Lately I have been incorporating all of the real life learning experiences into my practice and it has been a game changer. Sleepy heads are lifting, my colleagues are commenting and the entire grade 7 & 8 population are chatting about all that has been going on.

It all started when I started to think about food sales prices for a soccer tournament. I would need to look at the cost of each item and think of how best to increase the price as a fundraising opportunity. With financial literacy a new part of our math curriculum, I knew it would be a great opportunity for my class to do some real life learning. I divided them into groups and have them find the cost of each item and have them come up with some ideas of potential sale prices. My students had a great time coming up with their prices and compare them to the prices in the neighbourhood. They then designed posters and competed for the best food sales poster. We talked about how this compares to marketing in business plans within the real world.

When I pick students to sell food at my soccer tournaments, I usually just pick students that I know would do a good job. I usually pick students within my own class and never really branch out to the other classes. However, the student success teacher at my school was beginning to introduce a program called Xello which allows students to take a career quiz as well as has a feature that allows you to create your own résumé. I explained to the students in my class that they would be creating their own resumes as it would be useful in the future. I also mentioned that there were a few volunteer opportunities coming up in our school year such as helping at grad or selling food at the soccer tournament and mentioned that students could interview for the position if they wanted. I came up with five interview questions that would be useful for both job opportunities. 

I set up interview times and instructed students to find at least two references within our school community. Most found three. Roughly 10 of my students interviewed to sell food at the tournament. The interviews were about five minutes long each. Before the interviews we watched helpful interview techniques, and also read some suggestions online. They practised answers to the questions with her peers and I noticed some students even wrote out their responses and practiced saying them. What once used to be a selection process done only by myself has now turned into a literacy assignment as well as something that students would really use in the near future. As most of my students are going into grade 9 in a few months, this skill will be more helpful for them than many other things taught this year.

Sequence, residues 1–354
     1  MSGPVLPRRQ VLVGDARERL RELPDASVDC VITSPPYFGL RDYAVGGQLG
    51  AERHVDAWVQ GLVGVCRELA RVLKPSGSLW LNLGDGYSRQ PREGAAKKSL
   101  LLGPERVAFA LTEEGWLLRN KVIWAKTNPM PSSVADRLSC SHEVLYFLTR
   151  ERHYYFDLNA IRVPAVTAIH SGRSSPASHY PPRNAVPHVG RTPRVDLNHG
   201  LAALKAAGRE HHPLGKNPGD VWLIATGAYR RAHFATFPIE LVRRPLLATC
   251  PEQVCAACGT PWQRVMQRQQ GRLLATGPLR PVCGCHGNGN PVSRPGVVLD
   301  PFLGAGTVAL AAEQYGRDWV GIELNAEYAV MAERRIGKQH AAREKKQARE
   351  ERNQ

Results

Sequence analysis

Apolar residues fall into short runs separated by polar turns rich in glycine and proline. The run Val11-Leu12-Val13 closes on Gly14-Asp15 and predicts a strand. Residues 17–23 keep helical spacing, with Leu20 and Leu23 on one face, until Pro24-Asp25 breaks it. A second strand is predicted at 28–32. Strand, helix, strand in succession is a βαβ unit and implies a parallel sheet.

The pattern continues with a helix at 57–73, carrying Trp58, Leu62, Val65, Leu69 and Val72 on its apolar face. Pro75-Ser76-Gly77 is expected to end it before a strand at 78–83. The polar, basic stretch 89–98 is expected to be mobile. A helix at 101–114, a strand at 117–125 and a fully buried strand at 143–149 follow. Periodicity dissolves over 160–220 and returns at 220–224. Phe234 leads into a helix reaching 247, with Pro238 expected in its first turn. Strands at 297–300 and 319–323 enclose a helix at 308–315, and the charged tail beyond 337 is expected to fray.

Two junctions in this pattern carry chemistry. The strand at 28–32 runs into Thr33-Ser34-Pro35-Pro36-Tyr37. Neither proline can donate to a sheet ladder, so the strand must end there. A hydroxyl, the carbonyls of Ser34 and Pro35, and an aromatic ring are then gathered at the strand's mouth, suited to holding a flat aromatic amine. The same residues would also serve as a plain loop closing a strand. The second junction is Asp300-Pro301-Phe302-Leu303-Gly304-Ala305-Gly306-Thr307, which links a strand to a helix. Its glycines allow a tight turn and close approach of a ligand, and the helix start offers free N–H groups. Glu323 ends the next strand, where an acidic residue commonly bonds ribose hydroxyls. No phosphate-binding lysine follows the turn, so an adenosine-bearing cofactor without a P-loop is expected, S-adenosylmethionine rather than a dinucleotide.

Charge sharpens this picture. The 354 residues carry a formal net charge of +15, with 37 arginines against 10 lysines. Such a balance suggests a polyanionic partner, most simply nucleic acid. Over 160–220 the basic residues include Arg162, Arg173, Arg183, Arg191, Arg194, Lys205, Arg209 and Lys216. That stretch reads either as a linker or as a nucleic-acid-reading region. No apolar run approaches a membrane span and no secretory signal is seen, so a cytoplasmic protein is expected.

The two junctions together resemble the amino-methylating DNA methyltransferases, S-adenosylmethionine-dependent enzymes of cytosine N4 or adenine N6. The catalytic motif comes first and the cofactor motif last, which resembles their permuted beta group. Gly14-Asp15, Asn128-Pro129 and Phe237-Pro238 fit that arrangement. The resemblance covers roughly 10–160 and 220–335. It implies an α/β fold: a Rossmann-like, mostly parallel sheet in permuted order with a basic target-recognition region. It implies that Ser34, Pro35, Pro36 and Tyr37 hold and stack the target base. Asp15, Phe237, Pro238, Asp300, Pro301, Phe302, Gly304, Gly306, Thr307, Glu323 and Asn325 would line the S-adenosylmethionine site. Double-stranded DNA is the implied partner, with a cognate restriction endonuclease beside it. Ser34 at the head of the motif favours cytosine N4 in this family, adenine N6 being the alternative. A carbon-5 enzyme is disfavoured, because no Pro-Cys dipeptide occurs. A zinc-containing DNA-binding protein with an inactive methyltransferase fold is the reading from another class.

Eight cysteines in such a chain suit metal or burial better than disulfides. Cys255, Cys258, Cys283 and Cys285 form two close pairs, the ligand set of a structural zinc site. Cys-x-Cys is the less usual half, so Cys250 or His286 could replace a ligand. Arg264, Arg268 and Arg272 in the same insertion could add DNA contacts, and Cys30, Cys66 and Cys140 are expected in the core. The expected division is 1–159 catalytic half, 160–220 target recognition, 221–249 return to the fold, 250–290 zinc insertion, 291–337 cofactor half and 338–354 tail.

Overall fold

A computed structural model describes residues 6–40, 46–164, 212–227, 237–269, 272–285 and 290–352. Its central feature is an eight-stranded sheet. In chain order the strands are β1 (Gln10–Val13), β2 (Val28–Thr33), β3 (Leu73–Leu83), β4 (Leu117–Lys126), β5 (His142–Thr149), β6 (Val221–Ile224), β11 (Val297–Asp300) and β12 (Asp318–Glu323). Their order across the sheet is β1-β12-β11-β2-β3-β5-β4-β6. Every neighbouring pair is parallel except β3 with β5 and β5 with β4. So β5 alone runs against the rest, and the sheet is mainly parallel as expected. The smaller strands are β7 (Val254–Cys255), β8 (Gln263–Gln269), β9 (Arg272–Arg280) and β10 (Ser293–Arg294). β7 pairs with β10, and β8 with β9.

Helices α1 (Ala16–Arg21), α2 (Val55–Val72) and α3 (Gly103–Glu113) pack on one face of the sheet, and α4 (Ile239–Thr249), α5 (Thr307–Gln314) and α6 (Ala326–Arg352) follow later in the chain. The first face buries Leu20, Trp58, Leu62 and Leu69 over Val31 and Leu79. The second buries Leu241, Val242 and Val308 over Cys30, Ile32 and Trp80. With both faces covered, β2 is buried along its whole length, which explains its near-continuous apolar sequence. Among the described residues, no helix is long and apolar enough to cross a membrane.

What started out with a project just for my class ended up involving at least 15 other students in grade 7 and 8. I explained that students could interview for the position but they would have to make a résumé first and have at least two references. They ended up joining our class for a résumé making clinic and then I set up their interview times. After checking in with all references, I selected 13 students for the job, as there are two soccer tournaments, I could take two groups. Their interest, dedication and professionalism proved to be very inspiring. It was so great to see so many students come out of their shell, shake hands and introduce themselves in a professional setting. It actually reminded me of a drama activity as well as we both took on different versions of ourself. I would definitely do this again for all future tournaments. My favourite part of the entire experience is when students would show up to support a friend after their interview, ask how it went and then celebrate with them. Seeing their smiles when they got the job was truly magical. I will never forget as one student yelled across the hall to a friend, “I got the job!”